What to Do if Your Boss Does Not Want to Report Your Workplace Injury

Workers’ compensation injury claims in Indiana involve several complex laws and legal jargon that can quickly confuse anyone who does not retain a basic understanding of both worker compensation laws and tort law. However, if you are a recent workplace injury victim, you can be clear on one fact: getting hurt on the job means you do get medical treatment and you do get compensation. Although Indiana employers are legally required to maintain adequate worker’s compensation insurance, sometimes a boss can be hesitant about reporting a workplace injury; some might even flat-out refuse. If your employer is refusing to report your workplace injury, reinforce yourself with the right facts, starting right now.

Continue reading to learn what to do if your boss does not want to report your workplace injury, plus who to contact for worker’s compensation injury claim advice and representation in Indiana.

Workers' Compensation Law Firm Indianapolis Indiana 317-881-2700
Workers’ Compensation Law Firm Indianapolis Indiana 317-881-2700

Your Responsibilities as an Injury Worker in Indiana

When you are injured on the job, you are protected under law in terms of receiving benefits like medical treatment and compensation. However, you still have certain responsibilities to uphold yourself if you want to be eligible for worker’s compensation benefits.

First, do not assume that your employer is aware of your accident and injury. If you fell off of a 10-foot scaffold and had to be transported to the hospital via ambulance, it is likely that your boss would know about it. But no matter how obvious and dramatic your accident is at work, never presume that your employer knows and intends to report it.

Even if your injuries are minor, it is important to report the accident. Although you’re probably not going to report paper cut or a stubbed toe, seemingly innocuous incidents like bumping your head or taking a tumble over some scattered construction scrap can lead to injuries that appear later on. If you wait too long to report your injury because you don’t think you’re hurt, it will make it more difficult to prove your workers’ compensation benefits claim. Always report an accident that causes injury right away, so that you can at least have it documented on a timeline.

Your Employer’s Responsibilities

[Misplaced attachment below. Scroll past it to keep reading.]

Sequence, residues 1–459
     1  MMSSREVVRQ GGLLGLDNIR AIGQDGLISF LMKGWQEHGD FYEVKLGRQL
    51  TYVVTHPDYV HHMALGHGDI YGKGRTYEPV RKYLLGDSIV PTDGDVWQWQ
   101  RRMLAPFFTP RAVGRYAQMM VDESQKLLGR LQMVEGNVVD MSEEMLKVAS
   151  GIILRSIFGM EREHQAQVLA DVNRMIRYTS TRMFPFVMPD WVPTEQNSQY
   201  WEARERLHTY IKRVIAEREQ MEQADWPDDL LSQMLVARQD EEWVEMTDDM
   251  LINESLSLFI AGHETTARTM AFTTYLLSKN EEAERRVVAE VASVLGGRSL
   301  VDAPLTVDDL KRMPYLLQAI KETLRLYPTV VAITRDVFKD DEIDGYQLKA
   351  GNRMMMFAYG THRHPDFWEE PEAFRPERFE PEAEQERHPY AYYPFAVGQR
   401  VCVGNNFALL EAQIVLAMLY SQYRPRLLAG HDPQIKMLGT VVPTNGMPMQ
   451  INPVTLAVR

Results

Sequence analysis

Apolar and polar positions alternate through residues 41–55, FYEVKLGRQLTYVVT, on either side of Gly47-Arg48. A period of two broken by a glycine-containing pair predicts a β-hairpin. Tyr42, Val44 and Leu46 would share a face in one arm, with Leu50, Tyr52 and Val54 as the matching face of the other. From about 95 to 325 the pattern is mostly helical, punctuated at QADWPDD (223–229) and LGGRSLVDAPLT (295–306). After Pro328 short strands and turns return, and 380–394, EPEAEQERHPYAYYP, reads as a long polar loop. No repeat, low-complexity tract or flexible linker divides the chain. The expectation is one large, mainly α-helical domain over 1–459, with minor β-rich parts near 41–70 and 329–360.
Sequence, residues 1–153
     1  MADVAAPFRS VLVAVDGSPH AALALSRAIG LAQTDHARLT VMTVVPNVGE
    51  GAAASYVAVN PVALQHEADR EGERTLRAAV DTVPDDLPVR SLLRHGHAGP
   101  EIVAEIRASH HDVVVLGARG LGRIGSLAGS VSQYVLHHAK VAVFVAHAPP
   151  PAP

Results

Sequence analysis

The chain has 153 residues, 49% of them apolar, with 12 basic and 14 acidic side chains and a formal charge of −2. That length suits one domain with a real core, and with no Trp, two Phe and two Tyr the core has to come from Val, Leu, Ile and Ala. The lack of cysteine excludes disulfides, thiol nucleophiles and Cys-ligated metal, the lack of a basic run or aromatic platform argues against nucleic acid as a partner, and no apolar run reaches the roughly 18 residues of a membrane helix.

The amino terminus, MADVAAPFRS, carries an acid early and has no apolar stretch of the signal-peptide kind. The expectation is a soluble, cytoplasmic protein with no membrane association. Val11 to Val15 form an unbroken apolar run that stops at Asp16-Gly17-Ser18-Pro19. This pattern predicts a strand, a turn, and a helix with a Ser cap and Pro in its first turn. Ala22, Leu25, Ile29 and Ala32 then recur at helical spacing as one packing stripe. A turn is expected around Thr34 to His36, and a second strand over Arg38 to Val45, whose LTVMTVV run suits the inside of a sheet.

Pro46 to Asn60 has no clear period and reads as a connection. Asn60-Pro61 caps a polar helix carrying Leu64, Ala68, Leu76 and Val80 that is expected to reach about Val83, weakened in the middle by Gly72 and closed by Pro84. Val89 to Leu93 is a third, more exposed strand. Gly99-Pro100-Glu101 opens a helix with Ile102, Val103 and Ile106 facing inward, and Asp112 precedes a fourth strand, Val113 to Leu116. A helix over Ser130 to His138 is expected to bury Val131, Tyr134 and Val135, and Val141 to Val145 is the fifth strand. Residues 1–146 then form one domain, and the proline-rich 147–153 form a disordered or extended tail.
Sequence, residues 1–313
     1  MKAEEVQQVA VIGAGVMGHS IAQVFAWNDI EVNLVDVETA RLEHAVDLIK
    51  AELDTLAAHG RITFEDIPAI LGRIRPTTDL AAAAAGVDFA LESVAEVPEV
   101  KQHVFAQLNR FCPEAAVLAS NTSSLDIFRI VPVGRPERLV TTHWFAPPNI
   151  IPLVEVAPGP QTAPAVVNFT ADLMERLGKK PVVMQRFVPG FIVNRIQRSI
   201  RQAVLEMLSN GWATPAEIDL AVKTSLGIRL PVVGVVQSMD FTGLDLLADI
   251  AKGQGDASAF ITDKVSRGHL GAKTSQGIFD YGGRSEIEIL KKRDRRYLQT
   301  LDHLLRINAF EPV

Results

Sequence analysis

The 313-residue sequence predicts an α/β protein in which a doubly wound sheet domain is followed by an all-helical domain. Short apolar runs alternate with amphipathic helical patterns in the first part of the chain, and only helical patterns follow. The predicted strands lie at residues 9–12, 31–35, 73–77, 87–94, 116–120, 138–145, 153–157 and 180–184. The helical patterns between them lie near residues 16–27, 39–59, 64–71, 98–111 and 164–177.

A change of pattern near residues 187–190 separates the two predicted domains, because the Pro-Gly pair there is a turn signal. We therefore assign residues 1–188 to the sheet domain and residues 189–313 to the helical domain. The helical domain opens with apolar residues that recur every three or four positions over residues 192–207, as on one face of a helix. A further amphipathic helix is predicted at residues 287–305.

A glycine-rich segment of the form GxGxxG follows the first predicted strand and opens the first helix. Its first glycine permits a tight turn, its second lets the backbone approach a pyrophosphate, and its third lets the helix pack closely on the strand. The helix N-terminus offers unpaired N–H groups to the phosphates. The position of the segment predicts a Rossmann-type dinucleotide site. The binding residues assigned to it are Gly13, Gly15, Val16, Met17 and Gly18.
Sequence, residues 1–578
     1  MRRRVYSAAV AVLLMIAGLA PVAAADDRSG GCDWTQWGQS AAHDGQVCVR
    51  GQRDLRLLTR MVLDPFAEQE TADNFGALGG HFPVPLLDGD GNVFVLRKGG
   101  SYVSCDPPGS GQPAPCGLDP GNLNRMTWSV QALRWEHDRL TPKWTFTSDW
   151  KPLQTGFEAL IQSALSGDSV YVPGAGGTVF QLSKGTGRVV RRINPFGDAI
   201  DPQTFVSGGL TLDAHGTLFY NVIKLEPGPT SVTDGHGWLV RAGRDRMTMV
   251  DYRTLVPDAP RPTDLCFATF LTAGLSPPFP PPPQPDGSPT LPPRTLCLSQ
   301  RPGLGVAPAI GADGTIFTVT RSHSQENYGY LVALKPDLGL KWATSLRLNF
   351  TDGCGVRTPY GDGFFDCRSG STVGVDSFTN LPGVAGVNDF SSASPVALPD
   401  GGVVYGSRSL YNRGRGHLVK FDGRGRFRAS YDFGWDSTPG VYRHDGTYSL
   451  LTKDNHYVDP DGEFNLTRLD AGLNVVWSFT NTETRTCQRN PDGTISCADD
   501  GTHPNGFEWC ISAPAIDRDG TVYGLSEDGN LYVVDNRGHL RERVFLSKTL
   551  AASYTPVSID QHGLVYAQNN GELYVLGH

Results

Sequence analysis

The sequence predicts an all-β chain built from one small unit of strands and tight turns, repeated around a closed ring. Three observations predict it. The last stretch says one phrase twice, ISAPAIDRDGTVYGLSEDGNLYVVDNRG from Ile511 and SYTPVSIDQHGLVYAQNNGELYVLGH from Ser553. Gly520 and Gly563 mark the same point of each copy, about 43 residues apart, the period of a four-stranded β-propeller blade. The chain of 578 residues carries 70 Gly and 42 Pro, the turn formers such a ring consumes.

Employers are required by law to report most injuries to workers on the job site. Simply put, if your boss doesn’t report your workplace injury, they are breaking the law. Not only is your employer required by law to report your injury, but they are required to report it within a certain amount of time. As soon as you notify your boss that you have been her on the job, they should file a DWC-1 form with the state’s workers’ compensation board called a First Report of Injury. Most states give employers 30 days to file this form, however there are some states that only give employers one week.

When Your Boss Refuses to File a Work Injury Report

Workers’ compensation insurance works very similar to automotive insurance in that, the more claims you file, the higher your premiums are. Employers can sometimes be hesitant to report workplace injuries to the state board because they selfishly don’t want their policy rates to increase. Other times, employers refuse to file a work injury reports because they believe that the employee is lying about being hurt or they don’t think the injury is serious enough to warrant a formal report. Either way, it is their legal duty to report the injury as soon as you notify them, no matter how they feel about the situation.


Did your employer ask you to use your private health insurance for your workplace injury, medical treatment? Do not do this under any circumstances! When you see your doctor, explain to them that you were injured on the job while performing work-related duties. Get this on record as soon as possible to protect your rights to workers compensation benefits.  Your employer’s worker compensation carrier usually gets to control what doctors you see.


Did your employer offer to pay you under the table for your medical treatment? Do not accept it! It is very possible that your workplace injuries can persist for quite some time, which would entitle you to compensation for past, current, and future damages. Accepting payment under the table is risky because you don’t know when the money will stop coming your way. It might also revoke your right to pursue workers’ compensation benefits.

Are you looking for an Indiana personal injury law firm that specializes in workers compensation cases? Contact the Law Office of Craven, Hoover, and Blazek P.C. at 317-881-2700 to schedule a free consultation with an experienced workers’ compensation lawyer in Indianapolis, Indiana. We represent clients all throughout the state of Indiana.

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